Today's cuppa: instant coffee (sacrificing taste to get this post up quickly!)
Since moving on from the role of the witch Tara Maclay on "Buffy the Vampire Slayer," Amber Benson has added playwright, screenwriter, film director and film producer (and blogger) to her resume … along with author, having co-written novels and comics.
But now Benson is a a full-fledged solo author, with the February release of her mass-market paperback novel from Penguin USA, called "Death's Daughter." The first of a planned series, it follows the adventures of Calliope Reaper-Jones, who juggles shoe-shopping and online dating with a boring work life.
But when Callie's dad — who happens to be Death himself — is kidnapped, and the Devil's Protege decides to begin a hostile takeover of the company, Callie returns to take over as CEO and soon discovers that the family business is harder — and more dangerous — than she expected.
Benson grabbed a few minutes from publicizing the book to employ her writing skills to answer some email questions. Enjoy:
Q: What's the biggest difference between writing a screenplay and a novel?
A: Writing a novel is harder for me, because not only are you writing dialogue and plot, you are also creating the sensorial world that your reader (and characters) live in for the duration of the book. You have to do this by using words alone, without help from actors, cinematographers and production designers. It's a huge undertaking, and I am only just beginning to understand and use the medium properly.
Q: What's your writing day like?
A: I get up and go sit in a coffee house or cafe for two or three hours each day. I try and write two thousand words a day — even if I end up rewriting a bunch of it later. Just getting it down on the page is what's important. I usually sit there, headphones stuffed in my ears, giggling to myself about what I'm writing. I probably embarrass myself a lot.
Q: Is there anything from your years as an actress that is particularly useful in novel-writing?
A: As an actor, you learn what works and what doesn't as far as dialogue is concerned. I think that the years I spent saying other people's bad dialogue for cash helped me write better dialogue myself.
Q: You've chosen subject matter that should appeal to 'Buffy' fans. Was that a conscious choice, or are you naturally attracted to this kind of subject material?
A: I enjoy reading urban fantasy, especially the Sookie Stackhouse novels by Charlaine Harris. (HCTV: These novels inspired the HBO series, "True Blood.") They were definitely impetus for creating "Death's Daughter." In the end, I wanted to try my hand at creating an urban fantasy book that was fun and easy to read, but that the other things I'm interested in, like mythology and religion.
Q: Which novelists inspire you?
Q: What's the promotional plan for this novel?
A: I am basically using the social networks Facebook and Twitter to get the word out. I am also blogging and doing a series of book signings in Southern and Northern California.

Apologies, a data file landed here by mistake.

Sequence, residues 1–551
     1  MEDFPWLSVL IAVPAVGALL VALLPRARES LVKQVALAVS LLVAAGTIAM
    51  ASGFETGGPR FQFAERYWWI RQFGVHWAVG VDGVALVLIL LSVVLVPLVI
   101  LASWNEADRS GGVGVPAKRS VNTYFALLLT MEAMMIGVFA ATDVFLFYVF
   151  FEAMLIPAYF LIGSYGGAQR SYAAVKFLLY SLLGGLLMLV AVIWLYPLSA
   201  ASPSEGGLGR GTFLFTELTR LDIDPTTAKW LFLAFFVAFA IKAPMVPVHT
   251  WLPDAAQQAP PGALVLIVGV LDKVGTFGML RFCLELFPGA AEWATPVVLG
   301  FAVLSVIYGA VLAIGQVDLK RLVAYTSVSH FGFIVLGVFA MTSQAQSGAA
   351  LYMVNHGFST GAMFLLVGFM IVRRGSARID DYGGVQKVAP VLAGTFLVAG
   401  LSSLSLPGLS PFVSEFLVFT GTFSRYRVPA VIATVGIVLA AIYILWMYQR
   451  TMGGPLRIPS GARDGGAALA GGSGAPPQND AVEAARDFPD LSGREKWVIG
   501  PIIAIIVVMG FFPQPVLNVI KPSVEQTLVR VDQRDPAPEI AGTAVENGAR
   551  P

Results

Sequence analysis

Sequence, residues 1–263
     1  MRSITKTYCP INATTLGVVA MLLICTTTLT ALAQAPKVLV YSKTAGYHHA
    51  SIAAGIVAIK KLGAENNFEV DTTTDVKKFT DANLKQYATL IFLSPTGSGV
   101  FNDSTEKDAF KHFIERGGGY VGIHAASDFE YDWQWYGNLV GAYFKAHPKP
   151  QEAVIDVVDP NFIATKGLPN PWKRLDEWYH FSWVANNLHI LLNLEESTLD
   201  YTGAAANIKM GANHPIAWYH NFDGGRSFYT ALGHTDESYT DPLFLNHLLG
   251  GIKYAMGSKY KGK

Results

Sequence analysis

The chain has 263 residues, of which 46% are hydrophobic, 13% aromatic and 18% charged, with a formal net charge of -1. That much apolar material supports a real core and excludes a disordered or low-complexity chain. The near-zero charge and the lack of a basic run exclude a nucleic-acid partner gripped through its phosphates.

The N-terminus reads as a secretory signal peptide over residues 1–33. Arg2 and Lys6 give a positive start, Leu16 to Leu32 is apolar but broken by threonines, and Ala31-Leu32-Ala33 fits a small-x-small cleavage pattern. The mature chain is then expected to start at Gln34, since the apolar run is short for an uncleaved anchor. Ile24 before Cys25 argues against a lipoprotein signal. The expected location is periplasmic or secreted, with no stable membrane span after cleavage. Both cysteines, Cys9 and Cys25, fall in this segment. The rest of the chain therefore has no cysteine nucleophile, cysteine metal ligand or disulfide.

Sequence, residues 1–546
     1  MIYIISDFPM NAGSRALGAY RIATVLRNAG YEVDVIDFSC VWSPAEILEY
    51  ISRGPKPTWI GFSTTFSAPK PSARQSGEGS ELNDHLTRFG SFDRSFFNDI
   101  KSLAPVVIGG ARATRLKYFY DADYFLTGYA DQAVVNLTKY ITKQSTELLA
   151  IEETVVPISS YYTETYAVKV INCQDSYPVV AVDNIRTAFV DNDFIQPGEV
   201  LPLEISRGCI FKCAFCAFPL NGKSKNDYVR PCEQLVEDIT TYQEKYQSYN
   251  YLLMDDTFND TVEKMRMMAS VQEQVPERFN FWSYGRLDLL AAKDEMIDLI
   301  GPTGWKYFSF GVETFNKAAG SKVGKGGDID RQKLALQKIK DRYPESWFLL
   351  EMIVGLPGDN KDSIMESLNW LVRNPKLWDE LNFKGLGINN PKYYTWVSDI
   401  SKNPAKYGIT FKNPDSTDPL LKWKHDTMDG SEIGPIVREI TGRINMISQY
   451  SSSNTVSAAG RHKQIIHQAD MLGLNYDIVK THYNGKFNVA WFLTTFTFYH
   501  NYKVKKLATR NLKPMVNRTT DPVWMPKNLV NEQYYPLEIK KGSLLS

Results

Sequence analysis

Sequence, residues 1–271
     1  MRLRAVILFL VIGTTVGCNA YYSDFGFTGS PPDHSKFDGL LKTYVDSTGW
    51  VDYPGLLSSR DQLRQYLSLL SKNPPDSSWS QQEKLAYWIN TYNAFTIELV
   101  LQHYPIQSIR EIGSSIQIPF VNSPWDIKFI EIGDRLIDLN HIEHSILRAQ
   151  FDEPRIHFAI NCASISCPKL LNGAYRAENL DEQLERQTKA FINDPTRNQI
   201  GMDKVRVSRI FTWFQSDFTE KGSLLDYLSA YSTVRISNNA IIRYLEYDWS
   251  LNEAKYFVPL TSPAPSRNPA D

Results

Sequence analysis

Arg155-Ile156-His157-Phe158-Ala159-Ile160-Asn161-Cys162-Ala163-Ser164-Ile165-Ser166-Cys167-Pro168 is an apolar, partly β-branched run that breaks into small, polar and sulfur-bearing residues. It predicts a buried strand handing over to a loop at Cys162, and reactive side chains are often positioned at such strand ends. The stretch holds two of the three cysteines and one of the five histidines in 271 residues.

Q: Will your focus in the future be more on writing projects or acting?
A: I want to continue to do both. Hopefully, I will learn to be a better writer and a better actor and director, the more projects I undertake. I'm striving to do things that interest me, as well as fulfill me from a creative standpoint.
A: I miss writing with Chris Golden! Literally, it was like being at Chris Golden U, because I learned so much about the craft of writing during the process of conceiving and creating the Willow/Tara "Buffy" comics and "The Ghosts of Albion" books and web series. It was really nice to have someone to call if I got stuck on a plot point or was having trouble with a character or scene.
During "Death's Daughter," I didn't have that luxury, so it was a little tough at times to figure out the best way to fix a problem. On the flip side, writing something on your own is pretty gratifying. I know that, for better or worse, every word of the book came from my own imagination — and that's pretty darn thrilling.
Q: On the tech side, are e-readers like Amazon.com's Kindle the future of books, or, will paper never die?
A: I hope that paper never dies. I love cracking a book's spine, folding over its pages and disappearing into its innards. I get lost in books. I can be anywhere, and if I'm reading, forget about it, I could have a Mack truck barreling down on me, and I'd miss it because I was so engrossed in the book.
On the other hand, I think that Kindle will open up the written word to a whole new audience, so it can't really be the end of the world. Things change, no matter how much we don't want them to, and if we don't embrace the new stuff, well, I think we'll just get left behind. It's as simple as that.
Q: What's the strangest thing someone has asked you at a book-signing? And keep it clean!
A: I signed a girl's arm once … and she went and got my signature tattooed there permanently. But by far the strangest thing I've ever encountered at a signing was the marriage proposal I got from a very cute young girl at Comic Con one year.